Hadoop Common
  1. Hadoop Common
  2. HADOOP-8148

Zero-copy ByteBuffer-based compressor / decompressor API

    Details

    • Type: New Feature New Feature
    • Status: Open
    • Priority: Major Major
    • Resolution: Unresolved
    • Affects Version/s: None
    • Fix Version/s: None
    • Component/s: io, performance
    • Labels:
      None

      Description

      Per Todd Lipcon's comment in HDFS-2834, "
      Whenever a native decompression codec is being used, ... we generally have the following copies:

      1) Socket -> DirectByteBuffer (in SocketChannel implementation)
      2) DirectByteBuffer -> byte[] (in SocketInputStream)
      3) byte[] -> Native buffer (set up for decompression)
      4*) decompression to a different native buffer (not really a copy - decompression necessarily rewrites)
      5) native buffer -> byte[]

      with the proposed improvement we can hopefully eliminate #2,#3 for all applications, and #2,#3,and #5 for libhdfs.
      "

      The interfaces in the attached patch attempt to address:
      A - Compression and decompression based on ByteBuffers (HDFS-2834)
      B - Zero-copy compression and decompression (HDFS-3051)
      C - Provide the caller a way to know how the max space required to hold compressed output.

      1. zerocopyifc.tgz
        2 kB
        Tim Broberg
      2. hadoop-8148.patch
        6 kB
        Owen O'Malley
      3. hadoop8148.patch
        8 kB
        Tim Broberg

        Issue Links

          Activity

          Hide
          Tim Broberg added a comment -

          Proposed ZeroCopyCompressor and ZeroCopyDecompressor interfaces for review.

          Show
          Tim Broberg added a comment - Proposed ZeroCopyCompressor and ZeroCopyDecompressor interfaces for review.
          Hide
          Tim Broberg added a comment -

          Proposed interfaces ZeroCopyCompressor, ZeroCopyDecompressor.

          Show
          Tim Broberg added a comment - Proposed interfaces ZeroCopyCompressor, ZeroCopyDecompressor.
          Hide
          Tim Broberg added a comment -

          Here are my thoughts from the distance of a month:
          1 - Question: Do we define this as a new interface, or revise the existing one?

          IMO, there is probably too much code to switch over all at once.

          2 - We also need to do something with the Compression(Input/Output)Stream.

          2a - This would seem to be just an addition of ByteBufferReadable interface to the existing stream. Call it ZeroCopyCompressionInputStream? Too long?

          2b - For this, I'm looking for the most common consumer of this code as well as the input stream interface. I'm thinking it's LineReader. The input stream passed to a compression stream would be read buffer to buffer without modification to LineReader. LineReader could take advantage of ZeroCopyCompressionInputStream by passing a direct buffer, or just use it as is and require a copy into his byte array.

          2c - For symmetry, any reason not to define a ByteBufferWriteable interface and make the corresponding output stream class?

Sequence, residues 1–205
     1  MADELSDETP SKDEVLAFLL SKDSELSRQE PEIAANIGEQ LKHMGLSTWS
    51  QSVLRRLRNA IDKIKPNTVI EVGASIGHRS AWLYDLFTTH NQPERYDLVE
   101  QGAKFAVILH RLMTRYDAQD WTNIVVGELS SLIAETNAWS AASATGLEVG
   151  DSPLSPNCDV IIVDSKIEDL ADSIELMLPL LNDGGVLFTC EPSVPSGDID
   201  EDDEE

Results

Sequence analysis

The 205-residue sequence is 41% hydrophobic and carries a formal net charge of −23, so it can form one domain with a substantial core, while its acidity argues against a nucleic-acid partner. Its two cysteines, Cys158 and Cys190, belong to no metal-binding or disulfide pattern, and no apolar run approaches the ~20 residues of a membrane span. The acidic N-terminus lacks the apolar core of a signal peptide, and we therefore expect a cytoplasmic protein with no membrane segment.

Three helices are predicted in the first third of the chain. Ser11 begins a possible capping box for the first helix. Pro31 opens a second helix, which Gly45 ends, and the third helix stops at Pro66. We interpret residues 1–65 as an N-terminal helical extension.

3 - The List<ByteBuffer> interface of HDFS-3051 doesn't seem to be taking off, and it complicates the native code.

          Kill it?

          Todd is suggesting adapting a codec, Snappy seems a likely candidate, to the new interface.

          I'll wait a week or so for any dust to settle and then generate a patch to trunk's Snappy codec for consideration.

          Show
          Tim Broberg added a comment - Here are my thoughts from the distance of a month: 1 - Question: Do we define this as a new interface, or revise the existing one? IMO, there is probably too much code to switch over all at once. 2 - We also need to do something with the Compression(Input/Output)Stream. 2a - This would seem to be just an addition of ByteBufferReadable interface to the existing stream. Call it ZeroCopyCompressionInputStream? Too long? 2b - For this, I'm looking for the most common consumer of this code as well as the input stream interface. I'm thinking it's LineReader. The input stream passed to a compression stream would be read buffer to buffer without modification to LineReader. LineReader could take advantage of ZeroCopyCompressionInputStream by passing a direct buffer, or just use it as is and require a copy into his byte array. 2c - For symmetry, any reason not to define a ByteBufferWriteable interface and make the corresponding output stream class? 3 - The List<ByteBuffer> interface of HDFS-3051 doesn't seem to be taking off, and it complicates the native code. Kill it? Todd is suggesting adapting a codec, Snappy seems a likely candidate, to the new interface. I'll wait a week or so for any dust to settle and then generate a patch to trunk's Snappy codec for consideration.
          Hide
          Tim Broberg added a comment -

          I've been thinking about this, and here's some dust: this interface seems to work well enough for software codecs, but for multicore hardware codecs, it is necessary to process multiple records in parallel. To do this, the decompression needs to start reading and decompressing data before the caller shows up with his direct buffer.

          This suggests that the stream should return a prefilled ByteBuffer instead of filling one provided by the caller.

          ...but then the caller needs to have an efficient way to recycle it as direct buffers are (supposedly) costly to build. So now we need to add a call to release the buffer.

          ByteBuffer read();
          void ReleaseBuffer(ByteBuffer);

          This has one added benefit that the compression stream now has control over the sizes of all buffers so there is no problem keeping the source and destination sizes appropriate for each other.

          On the output side we have

          void write(ByteBuffer);
          ByteBuffer GetBuffer();